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Rizal, the Romantic


There were about nine significant women in Rizal's life. They were: Segunda Katigbak, Leonor Valenzuela, Leonor Rivera, Consuelo Ortega, O-Sei San, "Gettie" Beckette, Nelly Boustead, Suzanne Jacoby, and Josephine Bracken.    

 

Segunda Katigbak and Leonor Valenzuela:

Segunda Katigbak is considered to be Rizal's first puppy love, but she became engaged to a townmate of theirs - Manuel Luz. After Segunda came Leonor Valenzuela who came from Pagsanjan. Rizal would send her love letters written with invisible ink, which could only be read by way of lamp or candle light. Unfortunately, he had to say goodbye to her on the night before he left for Spain.    

 

Leonor Rivera:

Leonor Rivera was Rizal's love for 11 years and she was the reason he tried not to fall in love with other women during his travels. But, due to Rizal's being a Propagandist and owing to the fact that he was the cause of many political problems in Calamba, Leonor's mother disapproved of the relationship. It is known that Rizal sent many letters and notes to Leonor, all of which her mother hid and never gave to her. This caused Leonor to believe that Rizal no longer had any feelings for her and she decided to agree to marrying a man of her mother's choosing - the Englishman Henry Kipping.    

 

Consuelo Ortiga:

During his stay in Madrid, Rizal and some fellow Filipino's would visit the home of Don Pablo Ortiga. They went there to visit the Don's daughters, but more specifically, Rizal went there to visit Consuela, who was considered to be the prettiest among Don Pablo's daughters. Consuela fell in love with Rizal and he even wrote a poem for her called A LA SENORITA C.O. y R. which became one of his best poems. Yet, keeping in mind that he was loyal to Leonor Rivera, he backed out before the relationship could get any more serious. Also, he knew that his friend - Eduardo de Lete – was in love with Consuela and he did not wish to destroy their friendship over a girl.    

 

O Sei San:

During his stay in Japan, Rizal fell in love with his guide, interpreter, and teacher in the Japanese language. It is said that if Rizal did not have a personal mission to accomplish, he would have married O-Sei San and lived in Japan for good.  

 

Gertrude Beckett:

In London, while Rizal was working on his annotation of Morga's work, he stayed in the Beckette family house which was walking distance from the British Museum where Morga's work was displayed. The eldest of the Beckette sisters, Gertrude or "Gettie" as Rizal used to call her, fell in love with Rizal. He suddenly left for Paris though, in order to avoid the growing feelings between himself and Gettie. Before he left, he left Gettie a sculpture of the Beckette sisters.  

 

Nellie Boustead:

After learning of Leonor Rivera's marriage to Henry Kipping, Rizal was able to go back to courting the other ladies. During his stay in Biarritz, Rizal stayed with the Boustead family, where he became friends with Eduardo Boustead's two pretty daughters. He would practice fencing with them at Juan Luna's studio. Antonio Luna, another frequent visitor to the Boustead residence, was trying to court Nelly but she was already infatuated with Rizal. This resulted in an ugly scene where Antonio said some bad words about Nelly while he was drunk at a Filipino hosted party in Madrid. Rizal then challenged him to a duel, but Antonio - after sobering up - realized his mistakes and apologized to Rizal and thus preventing rift among the unified Filipinos in Madrid. Unfortunately, Rizal and Nelly did not end up getting married because Rizal did not want to be converted to Protestant and Nelly's mother didn't want a poor man for ther daughter. The good thing is, they remained friends and parted as friends when Rizal left Europe.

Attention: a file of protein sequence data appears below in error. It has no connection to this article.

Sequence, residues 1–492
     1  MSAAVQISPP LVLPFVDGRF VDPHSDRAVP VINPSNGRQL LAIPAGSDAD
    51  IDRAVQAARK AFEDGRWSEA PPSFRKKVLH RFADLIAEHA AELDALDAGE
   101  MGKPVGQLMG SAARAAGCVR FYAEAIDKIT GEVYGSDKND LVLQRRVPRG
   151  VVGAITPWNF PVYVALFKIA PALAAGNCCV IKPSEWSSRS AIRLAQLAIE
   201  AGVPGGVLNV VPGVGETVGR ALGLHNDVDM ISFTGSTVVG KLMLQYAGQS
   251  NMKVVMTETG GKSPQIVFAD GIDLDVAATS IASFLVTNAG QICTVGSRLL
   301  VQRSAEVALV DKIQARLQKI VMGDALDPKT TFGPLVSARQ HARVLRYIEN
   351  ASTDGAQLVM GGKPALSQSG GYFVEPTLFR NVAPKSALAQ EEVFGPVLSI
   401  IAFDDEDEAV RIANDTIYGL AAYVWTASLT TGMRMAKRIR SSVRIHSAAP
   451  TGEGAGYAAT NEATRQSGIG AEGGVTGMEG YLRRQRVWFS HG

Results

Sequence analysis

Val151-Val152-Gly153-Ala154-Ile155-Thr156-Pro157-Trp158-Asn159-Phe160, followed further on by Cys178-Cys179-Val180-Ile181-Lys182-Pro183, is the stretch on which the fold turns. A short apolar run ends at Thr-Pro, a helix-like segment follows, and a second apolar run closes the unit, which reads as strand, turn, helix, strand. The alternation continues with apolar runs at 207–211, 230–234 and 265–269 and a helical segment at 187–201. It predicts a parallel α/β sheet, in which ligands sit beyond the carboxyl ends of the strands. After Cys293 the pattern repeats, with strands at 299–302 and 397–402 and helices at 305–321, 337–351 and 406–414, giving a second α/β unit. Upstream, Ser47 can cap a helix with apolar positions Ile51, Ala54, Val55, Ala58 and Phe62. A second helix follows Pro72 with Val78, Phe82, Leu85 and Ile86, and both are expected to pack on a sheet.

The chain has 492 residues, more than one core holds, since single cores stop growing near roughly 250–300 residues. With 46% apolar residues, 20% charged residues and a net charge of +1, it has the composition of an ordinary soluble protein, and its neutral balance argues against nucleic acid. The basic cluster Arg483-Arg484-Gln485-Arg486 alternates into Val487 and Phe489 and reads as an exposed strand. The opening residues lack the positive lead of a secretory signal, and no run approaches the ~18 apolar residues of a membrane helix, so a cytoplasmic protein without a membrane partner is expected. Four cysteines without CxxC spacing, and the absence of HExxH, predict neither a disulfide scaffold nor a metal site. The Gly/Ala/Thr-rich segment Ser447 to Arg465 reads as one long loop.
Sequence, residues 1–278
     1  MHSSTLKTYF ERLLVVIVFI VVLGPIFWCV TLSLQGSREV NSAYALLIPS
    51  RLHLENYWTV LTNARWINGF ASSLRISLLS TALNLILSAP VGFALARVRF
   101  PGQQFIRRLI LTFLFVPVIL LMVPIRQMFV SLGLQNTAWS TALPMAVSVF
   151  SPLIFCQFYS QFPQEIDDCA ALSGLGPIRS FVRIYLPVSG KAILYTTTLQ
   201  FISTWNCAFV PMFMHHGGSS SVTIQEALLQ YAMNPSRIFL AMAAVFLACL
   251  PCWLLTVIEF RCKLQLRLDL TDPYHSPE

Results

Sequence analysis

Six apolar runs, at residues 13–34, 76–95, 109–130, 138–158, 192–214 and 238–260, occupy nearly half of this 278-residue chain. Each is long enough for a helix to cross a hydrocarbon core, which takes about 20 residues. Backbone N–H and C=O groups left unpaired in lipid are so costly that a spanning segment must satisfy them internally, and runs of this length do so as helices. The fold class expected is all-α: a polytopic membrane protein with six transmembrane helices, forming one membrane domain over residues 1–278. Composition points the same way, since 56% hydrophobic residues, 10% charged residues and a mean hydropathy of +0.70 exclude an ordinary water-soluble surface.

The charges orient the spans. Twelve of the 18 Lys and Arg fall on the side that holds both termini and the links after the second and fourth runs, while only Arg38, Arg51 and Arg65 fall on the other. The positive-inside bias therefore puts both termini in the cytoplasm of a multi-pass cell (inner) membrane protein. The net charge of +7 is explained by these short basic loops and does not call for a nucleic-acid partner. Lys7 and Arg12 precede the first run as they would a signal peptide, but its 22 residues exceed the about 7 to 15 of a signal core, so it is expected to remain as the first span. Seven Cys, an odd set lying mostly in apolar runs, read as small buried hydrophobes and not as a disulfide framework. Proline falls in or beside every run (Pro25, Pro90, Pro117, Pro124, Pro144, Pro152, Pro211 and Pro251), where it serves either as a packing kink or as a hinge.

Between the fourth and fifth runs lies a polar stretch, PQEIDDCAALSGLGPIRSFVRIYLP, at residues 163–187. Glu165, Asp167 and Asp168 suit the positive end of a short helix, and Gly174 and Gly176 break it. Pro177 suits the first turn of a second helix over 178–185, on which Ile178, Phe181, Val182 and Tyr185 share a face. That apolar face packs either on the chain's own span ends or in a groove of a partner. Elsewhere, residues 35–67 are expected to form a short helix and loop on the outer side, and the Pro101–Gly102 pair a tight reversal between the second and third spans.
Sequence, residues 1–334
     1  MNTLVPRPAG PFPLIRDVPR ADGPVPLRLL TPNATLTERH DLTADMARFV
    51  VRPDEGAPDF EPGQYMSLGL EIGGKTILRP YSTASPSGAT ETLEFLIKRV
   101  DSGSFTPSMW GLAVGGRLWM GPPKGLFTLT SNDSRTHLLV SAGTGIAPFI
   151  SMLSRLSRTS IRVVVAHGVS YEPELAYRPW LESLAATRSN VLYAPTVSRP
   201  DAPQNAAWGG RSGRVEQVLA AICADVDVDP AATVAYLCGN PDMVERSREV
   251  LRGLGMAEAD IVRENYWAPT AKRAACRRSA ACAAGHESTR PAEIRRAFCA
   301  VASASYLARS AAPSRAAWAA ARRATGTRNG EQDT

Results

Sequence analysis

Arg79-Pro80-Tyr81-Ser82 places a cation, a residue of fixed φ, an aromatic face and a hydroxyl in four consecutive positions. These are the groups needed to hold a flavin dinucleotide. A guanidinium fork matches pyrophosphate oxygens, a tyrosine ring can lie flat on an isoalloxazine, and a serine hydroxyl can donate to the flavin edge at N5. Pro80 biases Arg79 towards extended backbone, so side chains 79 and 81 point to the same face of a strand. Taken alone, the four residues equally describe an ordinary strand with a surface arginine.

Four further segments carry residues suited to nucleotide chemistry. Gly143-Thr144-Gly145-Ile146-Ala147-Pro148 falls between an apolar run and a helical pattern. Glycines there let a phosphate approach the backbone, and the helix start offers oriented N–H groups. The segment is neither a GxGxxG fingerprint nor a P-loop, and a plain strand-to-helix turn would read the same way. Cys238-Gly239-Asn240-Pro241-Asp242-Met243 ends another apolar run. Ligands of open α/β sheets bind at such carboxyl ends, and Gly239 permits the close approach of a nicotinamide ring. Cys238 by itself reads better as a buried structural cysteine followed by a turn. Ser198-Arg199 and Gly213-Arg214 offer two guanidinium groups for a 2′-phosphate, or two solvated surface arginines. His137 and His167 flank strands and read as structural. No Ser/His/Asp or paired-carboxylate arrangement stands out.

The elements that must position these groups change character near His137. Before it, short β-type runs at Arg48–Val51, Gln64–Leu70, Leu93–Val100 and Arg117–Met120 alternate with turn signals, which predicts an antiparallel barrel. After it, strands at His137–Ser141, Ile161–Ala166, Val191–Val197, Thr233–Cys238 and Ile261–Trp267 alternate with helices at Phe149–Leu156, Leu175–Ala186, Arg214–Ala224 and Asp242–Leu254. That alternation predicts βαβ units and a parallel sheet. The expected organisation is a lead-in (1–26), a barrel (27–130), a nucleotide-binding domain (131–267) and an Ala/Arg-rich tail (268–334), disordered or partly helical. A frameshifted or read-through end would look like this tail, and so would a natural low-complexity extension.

Suzanne Jacoby:

Due to the high cost of living in Paris during the 1890's, Rizal moved to Brussels where he stayed in a boarding house owned by the Jacoby sisters. As time passed by, they fell in love but it was for nothing since Rizal ended up leaving Brussels, though she did write him while he was in Madrid.  

 

Josephine Bracken:

While in Dapitan, late Feb 1895, Rizal met an 18 year old Irish girl. Josephine Bracken had blue eyes, brown hair and was a happy character. She was the adopted daughter of George Taufer, a man from Hong Kong seeking medical help from Rizal. It is said that Rizal was attracted to her physically, and that his loneliness had taken over and that it was better than to be in love again. Surprisingly, the Rizal sisters thought that Josephine was a spy for the friars and considered her a "threat to Rizal's security." In time, Rizal proposed to Josephine but she wasn't prepared to make such a big choice, since she still had to look after her blind father. Unfortunately, George Taufer's illness could not be treated so he went back to Hong Kong while Josephine stayed with Rizal's family in Manila. When she returned to Dapitan, Rizal tried to arrange for their marriage with Father Antonio Obach. the priest, however, wanted a retraction as a precondition to marrying them. Thus, Rizal took Josephine as his wife even without the Church's blessing, at the urging of his family and with her consent. She later gave birth to a stillborn, believed to be the result of some incidence, and this could have traumatized her.